Why every girl needs a feminist dad

Telegraph UK Thu Apr 21 2016 By: Laura Bates

UBC psychology research is cited in a Telegraph UK op-ed. The op-ed focuses on a father’s influence on his daughter, and a UBC study found girls were more ambitious if their dads did their fair share of household duties.

Ministers, parliamentarians at Taiwan event anger China

Hill Times Wed Apr 20 2016 By: Chelsea Nash

Canadian parliamentarians and cabinet ministers are under fire from the Chinese embassy for attending a Taiwanese dinner reception and for calling Taiwan a country, reports Hill Times.

“As the Conservative party’s foreign affairs critic, it is wonderful as well to celebrate all things Taiwanese,” said Conservative MP Tony Clement at the event.

Yves Tiberghien, director of the Institute of Asian Research at UBC, said Clement would probably not have made these remarks had he still been in government, because Canada follows a one-China policy.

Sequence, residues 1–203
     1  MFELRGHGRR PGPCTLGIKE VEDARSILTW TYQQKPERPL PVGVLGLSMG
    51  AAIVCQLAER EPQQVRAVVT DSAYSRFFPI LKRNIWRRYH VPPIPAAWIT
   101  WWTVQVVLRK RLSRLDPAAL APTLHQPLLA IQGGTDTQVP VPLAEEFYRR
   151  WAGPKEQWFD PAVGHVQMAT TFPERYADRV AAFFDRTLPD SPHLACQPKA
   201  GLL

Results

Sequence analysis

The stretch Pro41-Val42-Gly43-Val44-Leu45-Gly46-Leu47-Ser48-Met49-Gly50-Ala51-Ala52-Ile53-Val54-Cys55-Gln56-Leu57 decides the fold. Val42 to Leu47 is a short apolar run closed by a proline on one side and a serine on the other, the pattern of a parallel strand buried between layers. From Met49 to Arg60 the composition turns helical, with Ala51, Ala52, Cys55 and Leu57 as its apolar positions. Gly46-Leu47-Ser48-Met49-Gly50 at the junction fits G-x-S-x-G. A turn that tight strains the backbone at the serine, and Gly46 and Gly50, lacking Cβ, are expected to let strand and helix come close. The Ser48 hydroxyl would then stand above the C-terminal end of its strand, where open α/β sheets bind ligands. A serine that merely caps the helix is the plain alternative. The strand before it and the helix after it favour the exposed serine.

One Belt, One Road raise hopes

China Daily Wed Apr 20 2016 By: Hua Shengdun

China Daily discussed a talk on China’s One Belt One Road initiative and China-US relations held in Washington on Monday.

“I see the One Belt One Road as low hanging fruit for US-China cooperation, because there is no conflict of interest,” said Yves Tiberghien, director of the Institute of Asian Research at UBC. “If anything, it’s going to help stabilize Afghanistan and the Middle East.”

Does marriage make you happier?

Business Insider Thu Apr 7 2016 By: Erin Brodwin

Business Insider article looks at studies suggesting that married people are happier than single people, and concludes that it’s not the act of marriage itself that makes people happier; it’s the quality of the relationship itself.

The article cites a 2014 study led by UBC economics professor John Helliwell, which found that couples who were best friends and lived together were just as happy as couples who were best friends and married.

“Maybe what is really important is friendship, and to never forget that in the push and pull of daily life,” said Helliwell.

Similar articles appeared on YahooThe Independent and Tech Insider.